After extensive discussion and comment, the Tennessee Fish and Wildlife Commission approved big changes for next year's turkey hunters
The Tennessee Fish & Wildlife Commission voted on a slew of big changes for the 2023 spring turkey season during a series of open meetings June 2 and 3, 2022. You can watch the full meetings here and here.
So what do the changes look like? The first is actually a change to the trapping regulations, with a year-round trapping season now allowed for raccoons and opossums — critters that are considered among the worst nest predators of wild turkeys. The hunting season for those animals will remain as-is (July 1 to March 15), but the daily bag limit for both species will be doubled for hunters.
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As for turkeys, the Spring 2023 bag limit will be reduced from three birds to two, only one of which can be a jake. There was a lengthy discussion about stopping the harvest of jakes altogether, except for youth hunters, but the commission, largely because of public comment, ultimately voted to keep the single jake as an option in the bag limit. Most biological data suggests that some jake mortality doesn't make much difference in the grand scheme of turkey populations anyway, and there were concerns about first-time adult hunters not being allowed to shoot anything but a longbeard. Jakes will be determined according to a checklist of descriptors, including beard length, spur length and whether the bird has a full fan.
A bigger change is in the season dates. After additional discussion, a motion passed to shift the spring season two weeks later, so in 2023, the statewide Tennessee turkey season will open April 15 and run to May 28. Recent research, much of which has been reported on Realtree.com, has suggested that high gobbler harvest early in the season, before nesting begins, could be a big factor in reduced turkey populations. Tennessee's juvenile season has traditionally opened the last weekend in March, and the statewide turkey season followed that, opening the first Saturday in April. This change is especially notable, partly because Tennessee will now have one of the latest closing dates in the region.
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Finally, a prohibition on fanning and reaping on public lands, which had been added to the Means and Methods of the Tennessee Hunting and Trapping Guide, will stand, despite a motion to remove it. Fanning is, of course, a controversial practice, especially these days. Detractors say it's dangerous and makes killing a turkey too easy. Proponents say the statistics on hunting accidents don't show that fanning is any more dangerous than calling up a bird in the woods, and anyone who says it's too easy hasn't done much turkey fanning. Still, on public land at least, it looks as though the technique will be outlawed next spring.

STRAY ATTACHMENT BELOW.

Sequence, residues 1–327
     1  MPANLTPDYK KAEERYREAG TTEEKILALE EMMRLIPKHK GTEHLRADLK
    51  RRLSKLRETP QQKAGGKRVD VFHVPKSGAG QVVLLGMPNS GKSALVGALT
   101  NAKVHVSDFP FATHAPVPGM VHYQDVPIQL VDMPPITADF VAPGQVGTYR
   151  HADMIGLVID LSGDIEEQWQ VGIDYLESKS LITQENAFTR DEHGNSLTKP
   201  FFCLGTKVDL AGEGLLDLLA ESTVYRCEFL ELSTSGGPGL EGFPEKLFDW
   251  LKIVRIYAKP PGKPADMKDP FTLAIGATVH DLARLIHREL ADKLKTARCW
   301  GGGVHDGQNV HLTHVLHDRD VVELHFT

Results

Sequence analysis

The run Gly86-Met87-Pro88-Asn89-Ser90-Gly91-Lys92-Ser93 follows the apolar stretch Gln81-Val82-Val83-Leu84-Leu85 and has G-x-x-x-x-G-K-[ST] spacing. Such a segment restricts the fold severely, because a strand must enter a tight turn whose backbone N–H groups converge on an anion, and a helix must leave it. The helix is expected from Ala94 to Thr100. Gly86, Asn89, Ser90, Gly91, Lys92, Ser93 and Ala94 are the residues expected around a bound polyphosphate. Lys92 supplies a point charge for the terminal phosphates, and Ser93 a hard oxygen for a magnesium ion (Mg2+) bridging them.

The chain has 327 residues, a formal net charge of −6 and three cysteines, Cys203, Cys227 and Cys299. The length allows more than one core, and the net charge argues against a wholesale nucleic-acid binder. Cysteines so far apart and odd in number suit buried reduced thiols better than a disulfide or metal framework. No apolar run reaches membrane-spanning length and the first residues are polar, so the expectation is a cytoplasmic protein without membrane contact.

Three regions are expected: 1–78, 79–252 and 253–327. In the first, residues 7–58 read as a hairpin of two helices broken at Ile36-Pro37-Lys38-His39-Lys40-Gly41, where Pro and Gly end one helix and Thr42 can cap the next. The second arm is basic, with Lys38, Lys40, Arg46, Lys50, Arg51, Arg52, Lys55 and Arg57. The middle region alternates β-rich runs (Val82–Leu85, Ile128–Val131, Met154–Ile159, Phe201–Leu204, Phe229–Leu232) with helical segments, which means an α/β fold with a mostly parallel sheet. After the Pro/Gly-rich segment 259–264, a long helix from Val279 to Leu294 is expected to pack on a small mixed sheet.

These new steps taken by the Commission are arguably some of the most aggressive to date in any Southern state.
These changes prove that when hunters are vocal, educated and concerned, state fish and wildlife agencies will get the message. It's no secret that many hunters, worried about the decline in wild turkey numbers, have been urging their states to make changes to stem the decline, particularly in the Southeast. Several states, including Realtree's home state of Georgia, have listened, too, with real changes to season structures and bag limits in recent springs. Tennessee had previously reduced the annual bag limit from four turkeys to three, starting in 2020, but these new steps taken by the Commission are arguably some of the most aggressive to date in any Southern state.
Tennessee turkey hunter Cameron Weddington, co-host of The Turkey Hunter podcast and @TheGobFather49 on social media, has been outspoken in his calls for change to turkey hunting tactics and regulations across the country, but in his home state in particular. Though Weddington said he hated to lose the third bird off his bag limit, he applauded the changes overall.
"They did a great job," he said. "I think it's a good day for the wild turkey. I especially like that they pushed the season back but didn't take away any opportunity from anyone. Yeah, fewer people will hunt the last week in May, and it'll be tougher then. You won't hear as many birds as in the early season. But that late season is the best time to kill a big bird. Using traditional tactics, you won't get those long-spurred old gobblers early in the season because they have 30 hens with them. But in late May, they'll get lonely. I'm excited for the chance to hunt them then."